Briton among five dead in Cape Town strike violence

Cape Town  -   Violence in Cape Town eased after a week-long minibus taxi strike that paralysed the city and left five dead including a British tourist, police confirmed on Thursday. The strike, which stranded commuters in one of South Africa’s largest cities, was called off on Thursday evening after long negotiations. No new violence has been reported since Tuesday. The 40-year-old British man was shot and killed on August 3 after a road blockage by strikers forced him to drive into a township area participating in the strike.

“No arrests have been made pertaining to the British citizen but investigations are certainly underway,” warrant officer Joseph Swartbooi told AFP. The man identified as Kar Teoh was reportedly killed in front of his wife and two-year-old son. Teoh was a consultant foot and ankle surgeon at the state-run Princess Alexandra Hospital NHS Trust in England. “His professional dedication was unparalleled, but it was his personal warmth, his commitment to friendship, and his unwavering support that we will remember most fondly,” friend and fellow orthopaedic surgeon Paul Lee said in an online tribute.

City authorities extended their “condolences to his loved ones and all others who have become victims of this violence”. A police officer was also killed last Friday as officers were “performing crime prevention patrols to quell taxi related incidents”, authorities said. Authorities reported three other deaths that were believed to be related to the strike. -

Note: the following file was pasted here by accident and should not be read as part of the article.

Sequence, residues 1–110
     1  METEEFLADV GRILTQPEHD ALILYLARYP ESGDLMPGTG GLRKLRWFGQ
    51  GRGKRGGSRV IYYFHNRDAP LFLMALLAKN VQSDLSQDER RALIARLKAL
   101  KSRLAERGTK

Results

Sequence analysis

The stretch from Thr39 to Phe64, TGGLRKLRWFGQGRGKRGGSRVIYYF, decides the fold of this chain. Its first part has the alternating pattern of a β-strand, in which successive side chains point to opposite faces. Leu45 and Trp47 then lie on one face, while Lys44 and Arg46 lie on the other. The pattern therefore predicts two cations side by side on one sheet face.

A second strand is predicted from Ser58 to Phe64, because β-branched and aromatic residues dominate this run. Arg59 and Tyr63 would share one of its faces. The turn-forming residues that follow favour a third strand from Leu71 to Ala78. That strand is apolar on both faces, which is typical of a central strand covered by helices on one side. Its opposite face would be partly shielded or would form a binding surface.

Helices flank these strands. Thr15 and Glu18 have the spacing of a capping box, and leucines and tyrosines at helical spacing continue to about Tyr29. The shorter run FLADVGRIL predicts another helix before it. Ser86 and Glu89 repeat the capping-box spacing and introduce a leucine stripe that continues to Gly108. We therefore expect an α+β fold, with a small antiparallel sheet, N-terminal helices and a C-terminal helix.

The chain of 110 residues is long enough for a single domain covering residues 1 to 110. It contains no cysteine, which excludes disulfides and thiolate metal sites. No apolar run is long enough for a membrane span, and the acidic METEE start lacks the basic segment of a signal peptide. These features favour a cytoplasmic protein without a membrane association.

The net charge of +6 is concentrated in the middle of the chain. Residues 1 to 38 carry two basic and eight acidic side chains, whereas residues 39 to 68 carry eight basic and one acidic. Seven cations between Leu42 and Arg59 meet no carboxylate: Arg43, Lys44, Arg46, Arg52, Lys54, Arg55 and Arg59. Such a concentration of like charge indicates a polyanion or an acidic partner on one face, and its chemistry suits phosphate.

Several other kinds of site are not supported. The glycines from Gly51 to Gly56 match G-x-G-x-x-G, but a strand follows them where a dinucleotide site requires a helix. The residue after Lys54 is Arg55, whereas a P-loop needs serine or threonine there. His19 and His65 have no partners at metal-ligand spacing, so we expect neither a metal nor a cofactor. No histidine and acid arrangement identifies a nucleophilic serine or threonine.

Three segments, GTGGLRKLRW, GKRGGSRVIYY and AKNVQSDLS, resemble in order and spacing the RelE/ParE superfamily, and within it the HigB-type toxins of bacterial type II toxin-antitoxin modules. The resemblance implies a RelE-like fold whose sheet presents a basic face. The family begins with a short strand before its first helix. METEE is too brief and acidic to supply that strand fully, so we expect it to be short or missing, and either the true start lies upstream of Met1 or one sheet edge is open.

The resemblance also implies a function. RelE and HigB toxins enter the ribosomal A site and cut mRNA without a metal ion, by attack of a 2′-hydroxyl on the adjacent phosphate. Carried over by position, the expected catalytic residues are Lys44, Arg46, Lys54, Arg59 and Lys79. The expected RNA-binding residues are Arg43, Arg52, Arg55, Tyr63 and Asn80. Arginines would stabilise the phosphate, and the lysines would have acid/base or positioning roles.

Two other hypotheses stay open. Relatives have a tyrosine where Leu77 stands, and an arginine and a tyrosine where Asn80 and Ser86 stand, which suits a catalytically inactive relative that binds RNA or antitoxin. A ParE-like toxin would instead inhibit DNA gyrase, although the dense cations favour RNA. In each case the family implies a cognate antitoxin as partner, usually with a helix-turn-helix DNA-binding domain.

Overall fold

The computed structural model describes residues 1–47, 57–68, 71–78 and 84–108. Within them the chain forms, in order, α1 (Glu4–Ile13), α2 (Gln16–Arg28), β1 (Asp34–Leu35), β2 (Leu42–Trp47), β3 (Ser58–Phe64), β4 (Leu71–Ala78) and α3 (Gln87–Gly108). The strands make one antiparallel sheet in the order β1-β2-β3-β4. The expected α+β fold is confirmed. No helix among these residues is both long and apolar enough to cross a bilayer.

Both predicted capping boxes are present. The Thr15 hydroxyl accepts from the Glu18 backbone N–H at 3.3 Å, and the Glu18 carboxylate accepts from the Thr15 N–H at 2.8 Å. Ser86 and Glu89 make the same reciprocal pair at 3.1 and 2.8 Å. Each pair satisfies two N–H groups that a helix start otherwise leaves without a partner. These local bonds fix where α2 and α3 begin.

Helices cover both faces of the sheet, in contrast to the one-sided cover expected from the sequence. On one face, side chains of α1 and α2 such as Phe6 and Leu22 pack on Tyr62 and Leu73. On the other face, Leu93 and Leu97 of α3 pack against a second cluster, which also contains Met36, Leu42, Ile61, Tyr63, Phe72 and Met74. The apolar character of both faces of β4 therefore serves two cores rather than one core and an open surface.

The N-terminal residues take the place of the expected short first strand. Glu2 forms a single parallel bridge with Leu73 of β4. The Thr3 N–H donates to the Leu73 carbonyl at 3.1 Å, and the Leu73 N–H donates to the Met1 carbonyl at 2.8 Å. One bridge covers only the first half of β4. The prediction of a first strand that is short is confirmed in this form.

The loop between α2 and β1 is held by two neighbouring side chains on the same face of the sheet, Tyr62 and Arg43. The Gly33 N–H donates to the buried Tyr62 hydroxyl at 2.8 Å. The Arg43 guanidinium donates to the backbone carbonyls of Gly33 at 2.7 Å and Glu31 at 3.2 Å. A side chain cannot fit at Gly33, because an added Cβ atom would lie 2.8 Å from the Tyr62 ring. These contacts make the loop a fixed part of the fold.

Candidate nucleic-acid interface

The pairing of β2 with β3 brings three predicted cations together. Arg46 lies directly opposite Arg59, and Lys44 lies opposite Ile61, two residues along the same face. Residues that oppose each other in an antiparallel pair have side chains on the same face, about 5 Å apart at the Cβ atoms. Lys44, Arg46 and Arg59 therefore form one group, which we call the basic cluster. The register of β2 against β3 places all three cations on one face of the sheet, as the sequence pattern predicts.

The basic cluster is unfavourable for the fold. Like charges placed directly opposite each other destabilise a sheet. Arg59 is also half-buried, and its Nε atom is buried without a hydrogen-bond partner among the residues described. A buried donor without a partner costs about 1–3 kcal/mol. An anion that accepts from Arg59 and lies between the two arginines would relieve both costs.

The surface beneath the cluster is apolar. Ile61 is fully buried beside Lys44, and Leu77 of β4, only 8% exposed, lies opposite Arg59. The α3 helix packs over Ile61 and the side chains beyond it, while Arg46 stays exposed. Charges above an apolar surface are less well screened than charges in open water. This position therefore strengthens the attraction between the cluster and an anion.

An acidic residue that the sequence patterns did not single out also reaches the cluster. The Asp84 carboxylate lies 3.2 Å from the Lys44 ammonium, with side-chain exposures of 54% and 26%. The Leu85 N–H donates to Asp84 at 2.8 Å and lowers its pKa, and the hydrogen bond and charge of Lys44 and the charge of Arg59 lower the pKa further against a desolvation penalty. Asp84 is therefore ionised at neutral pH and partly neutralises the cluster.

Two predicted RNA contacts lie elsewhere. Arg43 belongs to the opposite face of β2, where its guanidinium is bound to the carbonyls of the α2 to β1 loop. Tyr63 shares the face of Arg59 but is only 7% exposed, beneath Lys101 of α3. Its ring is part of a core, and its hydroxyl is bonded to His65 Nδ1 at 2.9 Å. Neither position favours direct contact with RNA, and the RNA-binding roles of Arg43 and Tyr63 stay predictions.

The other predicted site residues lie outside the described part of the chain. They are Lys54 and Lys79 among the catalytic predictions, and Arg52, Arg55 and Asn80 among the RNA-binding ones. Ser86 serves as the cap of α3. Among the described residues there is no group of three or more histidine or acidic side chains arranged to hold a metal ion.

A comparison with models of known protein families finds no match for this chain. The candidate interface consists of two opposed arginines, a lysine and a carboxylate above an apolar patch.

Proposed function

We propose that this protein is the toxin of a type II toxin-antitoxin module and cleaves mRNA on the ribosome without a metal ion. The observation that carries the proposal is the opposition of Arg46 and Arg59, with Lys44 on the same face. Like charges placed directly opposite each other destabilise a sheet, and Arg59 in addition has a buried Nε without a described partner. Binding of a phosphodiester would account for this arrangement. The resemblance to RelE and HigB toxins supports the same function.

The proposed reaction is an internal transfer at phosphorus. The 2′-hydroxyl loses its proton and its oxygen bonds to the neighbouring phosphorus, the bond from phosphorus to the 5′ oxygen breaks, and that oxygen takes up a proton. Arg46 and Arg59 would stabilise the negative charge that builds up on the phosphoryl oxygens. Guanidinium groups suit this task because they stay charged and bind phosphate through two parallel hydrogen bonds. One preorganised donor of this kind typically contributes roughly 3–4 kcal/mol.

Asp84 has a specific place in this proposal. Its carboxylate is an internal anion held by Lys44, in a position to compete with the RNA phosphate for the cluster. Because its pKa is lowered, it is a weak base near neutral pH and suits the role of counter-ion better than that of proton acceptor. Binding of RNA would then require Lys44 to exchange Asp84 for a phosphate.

‘Getting hungry’ - Drivers of minibus taxis, the main mode of transport for millions of working-class South Africans, blocked multiple roads in a strike that began last Thursday as a result of clashes with city authorities. The South African National Taxi Council (SANTACO) called for the action over a new law giving the city the power to impound vehicles over offences such as driving without a licence, not displaying registration plates or overloading. President Cyril Ramaphosa has condemned the violence. Late on Thursday, the minibus taxi union said it was calling off the strike with “immediate effect” after “painstaking deliberations”. Talks with the local government resulted in a deal to work towards the release of impounded vehicles, the union added. Earlier, authorities said measures were being taken to “mitigate impact” of the strike on deliveries.

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